9/11 Survivors, and Daniel Sanjata Speak w/ WAC engage JC residents Q&A *Updated*

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posted on Jan, 21 2010 @ 06:51 PM
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off-topic post removed to prevent thread-drift


 




posted on Jan, 21 2010 @ 09:44 PM
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Originally posted by weedwhacker
reply to post by Lillydale
No, far from it.

I appreciate, only from a technical writer's standpoint, your ability to obfuscate, but that's about it.

"Lillydale", your expertise seems to exist and consist ONLY in the application as the antogonist.

Are you a writer, too???

Because, that's the only conclusion I can draw, based on the responses so far.

OR, an attorney-in-practice-mode, or someyhing, whatever....

Either way, your contributions do NOT help in the discourse --- in fact, they impede progress.

Chew on that, you worthy opponent!!!!!

~~~~~~~~~~~~~~~~~~~~~~~~~~~~~~~~~~~~~~~~~~~~~~~

EDIT because I type, with a cra# keyboard, and don't spell-check before the "POST button is pressed....

Oy,. Vey!! (and I'm not even Jewish!!!)!!!


[edit on 21 January 2010 by weedwhacker]
 


I AM a pilot. I happen to also write.

Gee....is that such a difficult concept to fathom???

(HINT: Pick up a copy of just about any aviation magazine, sometime!!!)

Second hint: (AND I won't give a name, its not me, but a certain PILOT who flies for my AIRLINE is an actual monthly CONTRIBUTOR to an AVIATION MAGAZINE!!!)

Bulletin!!!!

Surprised???

Well, so was I!!!!!!

(but, not so mcuh, becuase once I realized that HE could do it, then I realized..."So Could I!!!)


I guess since this is still considered on topic as well as the grammatical mess above it, then they are still open for response.

Just because you know a person who flies and writes does not mean all people that just want to be a "Technical Writer" can be. For one thing, it is a real title for a real job, not just something you decide to be. Second of all, they have to understand how the English language works and that would include things like the placement of punctuation surrounding quotation marks and so on and so forth. I could go in depth but we have seen that is considered off topic.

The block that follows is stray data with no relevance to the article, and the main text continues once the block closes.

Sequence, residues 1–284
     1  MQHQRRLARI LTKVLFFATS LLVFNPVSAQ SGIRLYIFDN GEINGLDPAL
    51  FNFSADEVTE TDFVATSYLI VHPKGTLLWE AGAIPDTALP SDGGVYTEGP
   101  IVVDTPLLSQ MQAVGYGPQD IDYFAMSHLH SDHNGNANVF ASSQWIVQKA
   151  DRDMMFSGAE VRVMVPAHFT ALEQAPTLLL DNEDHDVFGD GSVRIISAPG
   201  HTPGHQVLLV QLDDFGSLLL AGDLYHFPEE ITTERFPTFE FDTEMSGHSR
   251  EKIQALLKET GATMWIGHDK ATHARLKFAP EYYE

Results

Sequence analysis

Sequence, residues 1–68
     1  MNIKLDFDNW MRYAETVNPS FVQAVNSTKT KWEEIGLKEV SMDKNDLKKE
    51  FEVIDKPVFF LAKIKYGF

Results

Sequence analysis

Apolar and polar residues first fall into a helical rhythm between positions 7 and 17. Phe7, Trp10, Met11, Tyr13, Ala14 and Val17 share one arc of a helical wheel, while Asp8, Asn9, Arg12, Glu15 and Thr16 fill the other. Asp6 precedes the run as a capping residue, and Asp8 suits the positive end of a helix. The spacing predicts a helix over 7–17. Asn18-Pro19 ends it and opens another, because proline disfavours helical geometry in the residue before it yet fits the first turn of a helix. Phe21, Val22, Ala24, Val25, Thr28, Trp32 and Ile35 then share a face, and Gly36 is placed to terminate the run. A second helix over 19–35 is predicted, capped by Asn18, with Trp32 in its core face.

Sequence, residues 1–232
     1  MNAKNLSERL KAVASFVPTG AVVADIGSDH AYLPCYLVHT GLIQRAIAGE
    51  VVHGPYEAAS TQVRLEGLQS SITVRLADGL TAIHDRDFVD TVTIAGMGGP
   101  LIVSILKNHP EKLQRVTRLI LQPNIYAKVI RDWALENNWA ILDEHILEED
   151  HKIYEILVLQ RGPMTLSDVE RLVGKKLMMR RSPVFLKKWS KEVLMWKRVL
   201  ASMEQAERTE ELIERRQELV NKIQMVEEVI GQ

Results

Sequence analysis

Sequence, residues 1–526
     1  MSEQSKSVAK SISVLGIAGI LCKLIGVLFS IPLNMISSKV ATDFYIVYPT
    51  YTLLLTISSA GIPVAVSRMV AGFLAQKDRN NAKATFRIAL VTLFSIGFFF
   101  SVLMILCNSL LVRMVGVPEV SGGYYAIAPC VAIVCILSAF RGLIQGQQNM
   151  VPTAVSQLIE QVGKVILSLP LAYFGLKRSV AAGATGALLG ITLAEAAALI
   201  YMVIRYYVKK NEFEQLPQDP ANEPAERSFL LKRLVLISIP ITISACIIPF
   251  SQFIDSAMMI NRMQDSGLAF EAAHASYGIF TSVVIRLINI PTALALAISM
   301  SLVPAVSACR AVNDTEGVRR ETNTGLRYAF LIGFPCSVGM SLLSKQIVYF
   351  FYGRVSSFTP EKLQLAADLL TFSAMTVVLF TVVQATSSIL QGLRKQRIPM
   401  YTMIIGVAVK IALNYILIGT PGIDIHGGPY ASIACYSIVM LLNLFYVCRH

The point is that if you want to be considered credible, you have to not blatantly post lies. I thought ATS had a rule about this it is apparently not all that stringent.

I had my doubts that someone trying to explain their expertise on flying was a pilot and made them known. It seemed important as input from pilots would be of great help in just about any 9/11 thread not specific to collapse mechanism. I felt that was important. When that same person attempts to accuse me of lies and misdirection while proclaiming they are also a "Technical Writer" proceeds to share with us a 4th grade understanding of the English language, I feel that speaks to credibility as well.

Perhaps not everyone knows this. Technical writers have to go to school to become technical writers. You do not just sit in your basement and whip up instruction manuals a'la J.K. Rowling. This is a specific discipline.

If ATS posters are going to tell us what they do and then act in a manner that casts a large shadow of doubt on that, it seems important to highlight. When those doubts also have a great number of "trust me cuz I know" posts leaning on them within a given subject, such as this, it also needs to be highlighted.

I would love to get back on topic. If questioning people's credibility is off topic, then fine. People saying "trust me and here is why" should also be off topic.

[edit on 1/21/10 by Lillydale]

[edit on 1/21/10 by Lillydale]



posted on Jan, 23 2010 @ 05:17 PM
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I found a video of Rodriguez using explosions and rumblings in the same sentence. for those who were trying to debunk with how he pronounced it, or worded it. here is the video.

I think this video was during or a few days after 9/11/2001.

FFWD to 9:55.



Still think he is lying?

EDIT: Video, and fixed time.

[edit on 1/23/2010 by ugie1028]



posted on Jan, 23 2010 @ 10:09 PM
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Originally posted by weedwhacker
I AM a pilot. I happen to also write.


Just because you are a pilot does not make you an expert on the inner workings of a plane.

Pilots are trained to fly and listen to their instruments, but most pilots do not know the the actual workings of thier plane.



posted on Jan, 23 2010 @ 10:44 PM
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reply to post by ugie1028
 


Try a couple of years after. Interesting that he is called a custodial manager though.



posted on Jan, 24 2010 @ 01:19 PM
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reply to post by REMISNE
 


You are very, very wrong...


...but most pilots do not know the the actual workings of thier plane.


Pilots, by the nature of the training, know a HECK of a lot more about the machines they entrust their lives to...